Politics

Kenosha Protesters Sue Authorities, Claim Curfew Violates Free Speech

Four people arrested in Kenosha for curfew violations have filed a lawsuit against city and county authorities, claiming constitutional violations of free speech and equal protection rights.

Documents filed in the U.S. District Court for the Eastern District of Wisconsin on Aug. 28 as part of a class action lawsuit against the City of Kenosha and Kenosha County show that the plaintiffs allege violations of the First Amendment and Equal Protection rights.

The equal protection rights claim refers to the Equal Protection Clause of the 14th Amendment of the U.S. Constitution, which states that no state shall “deny to any person within its jurisdiction the equal protection of the laws.” The clause essentially mandates that states must apply the law impartially, not based on arbitrary distinctions between citizens. The plaintiffs claim this is not the case in the law enforcement response in Kenosha, which saw an outbreak of violence amid largely peaceful protests in the wake of the Aug. 23 shooting of Jacob Blake, a suspect in a felony sexual assault who was shot while resisting arrest.

“In Kenosha, there are two sets of laws—one that applies to those who protest police brutality and racism, and another for those who support the police,” the complaint states, referring to pro-police demonstrators and armed citizen patrols that have sprung up in response to destructive riots, which they refer to as “militias.”

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Police officers stand guard inside of a fenced area that surrounds several government buildings in Kenosha, Wis., on Aug. 27, 2020. (Brandon Bell/Getty Images)

“Over the past 9 days, the Kenosha City Police Department and the Kenosha County Sheriffs Department have arrested over 150 peaceful protesters for violating the County imposed curfew order, yet in spite of the presence of pro-police protesters and militias, NOT A SINGLE PRO-POLICE demonstrator has been arrested,” the suit contends, adding that authorities have used the curfew “to silence the voices of those who peacefully demonstrate against police brutality while allowing pro-police activists and militias to roam the streets without fear of arrest.”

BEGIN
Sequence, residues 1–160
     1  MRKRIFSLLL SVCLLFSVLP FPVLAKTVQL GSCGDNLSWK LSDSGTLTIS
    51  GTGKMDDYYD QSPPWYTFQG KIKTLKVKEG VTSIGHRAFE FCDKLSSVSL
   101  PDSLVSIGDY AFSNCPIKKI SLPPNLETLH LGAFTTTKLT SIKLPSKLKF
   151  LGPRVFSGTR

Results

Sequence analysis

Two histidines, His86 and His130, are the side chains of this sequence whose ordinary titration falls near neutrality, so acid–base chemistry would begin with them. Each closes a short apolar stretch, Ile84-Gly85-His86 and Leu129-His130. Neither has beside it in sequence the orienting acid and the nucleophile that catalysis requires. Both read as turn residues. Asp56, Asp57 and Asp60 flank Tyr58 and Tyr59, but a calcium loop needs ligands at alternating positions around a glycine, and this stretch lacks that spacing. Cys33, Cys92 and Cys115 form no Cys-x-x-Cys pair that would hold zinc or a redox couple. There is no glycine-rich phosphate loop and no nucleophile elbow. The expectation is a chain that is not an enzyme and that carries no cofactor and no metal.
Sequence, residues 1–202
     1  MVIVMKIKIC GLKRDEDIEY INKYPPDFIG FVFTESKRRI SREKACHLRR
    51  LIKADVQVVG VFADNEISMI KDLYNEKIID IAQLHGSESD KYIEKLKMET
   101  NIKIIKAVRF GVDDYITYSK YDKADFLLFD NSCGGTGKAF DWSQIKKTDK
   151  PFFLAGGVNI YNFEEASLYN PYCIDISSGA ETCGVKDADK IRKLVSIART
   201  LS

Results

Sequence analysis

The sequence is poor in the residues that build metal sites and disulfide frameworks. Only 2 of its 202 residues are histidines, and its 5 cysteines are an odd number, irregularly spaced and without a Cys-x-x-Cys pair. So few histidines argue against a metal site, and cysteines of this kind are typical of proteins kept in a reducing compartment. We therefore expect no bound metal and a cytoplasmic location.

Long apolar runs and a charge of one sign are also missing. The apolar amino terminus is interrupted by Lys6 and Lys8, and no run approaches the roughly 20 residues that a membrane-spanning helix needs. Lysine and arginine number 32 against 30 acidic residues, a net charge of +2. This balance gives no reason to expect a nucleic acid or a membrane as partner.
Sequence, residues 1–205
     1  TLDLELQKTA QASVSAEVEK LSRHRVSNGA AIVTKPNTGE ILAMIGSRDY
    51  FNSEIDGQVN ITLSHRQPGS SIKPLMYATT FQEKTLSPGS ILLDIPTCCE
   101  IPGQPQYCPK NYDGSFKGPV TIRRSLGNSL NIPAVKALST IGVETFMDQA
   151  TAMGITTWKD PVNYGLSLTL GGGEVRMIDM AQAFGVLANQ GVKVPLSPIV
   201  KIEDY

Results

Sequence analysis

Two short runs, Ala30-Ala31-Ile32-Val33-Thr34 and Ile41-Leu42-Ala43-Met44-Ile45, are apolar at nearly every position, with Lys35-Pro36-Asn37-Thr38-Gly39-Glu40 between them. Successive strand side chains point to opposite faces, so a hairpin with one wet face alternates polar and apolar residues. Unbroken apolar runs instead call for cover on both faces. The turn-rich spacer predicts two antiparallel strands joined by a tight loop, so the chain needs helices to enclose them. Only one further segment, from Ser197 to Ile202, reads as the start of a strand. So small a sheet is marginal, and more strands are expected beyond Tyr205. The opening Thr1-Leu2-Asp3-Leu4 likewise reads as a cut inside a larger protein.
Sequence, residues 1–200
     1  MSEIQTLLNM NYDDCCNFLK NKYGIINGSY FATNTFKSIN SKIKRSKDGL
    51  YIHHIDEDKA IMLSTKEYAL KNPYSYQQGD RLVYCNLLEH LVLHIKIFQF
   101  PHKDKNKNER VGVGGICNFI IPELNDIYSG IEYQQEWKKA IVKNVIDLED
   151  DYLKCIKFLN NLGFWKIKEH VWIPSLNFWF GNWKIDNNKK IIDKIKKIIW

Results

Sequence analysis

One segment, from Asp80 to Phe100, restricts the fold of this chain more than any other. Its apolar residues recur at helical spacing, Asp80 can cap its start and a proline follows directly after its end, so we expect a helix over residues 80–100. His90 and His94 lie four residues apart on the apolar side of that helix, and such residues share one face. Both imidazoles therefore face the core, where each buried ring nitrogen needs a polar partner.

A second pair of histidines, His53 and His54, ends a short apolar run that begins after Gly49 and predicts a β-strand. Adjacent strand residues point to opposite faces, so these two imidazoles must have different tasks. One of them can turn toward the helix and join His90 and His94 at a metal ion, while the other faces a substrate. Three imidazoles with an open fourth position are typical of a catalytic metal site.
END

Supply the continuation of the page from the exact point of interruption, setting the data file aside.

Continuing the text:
“Plaintiffs bring this action to protect their right and the rights of others to protest police brutality free of retaliation and free from fear that they will be arrested solely on the basis of the content of their message,” the complaint adds.

The four plaintiffs said they were arrested while protesting in Kenosha, adding that they believe that as they plan to continue protesting, they will be either arrested in the future or “will be chilled from participating in such protests for fear of arrest.”

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Demonstrators chant in a march in Kenosha, Wis., on Aug. 26, 2020. (Brandon Bell/Getty Images)
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President Donald Trump views property damaged during riots in Kenosha, Wis., on Sept. 1, 2020. (Leah Millis/Reuters)

The lawsuit, which seeks unspecified monetary damRead More From Source

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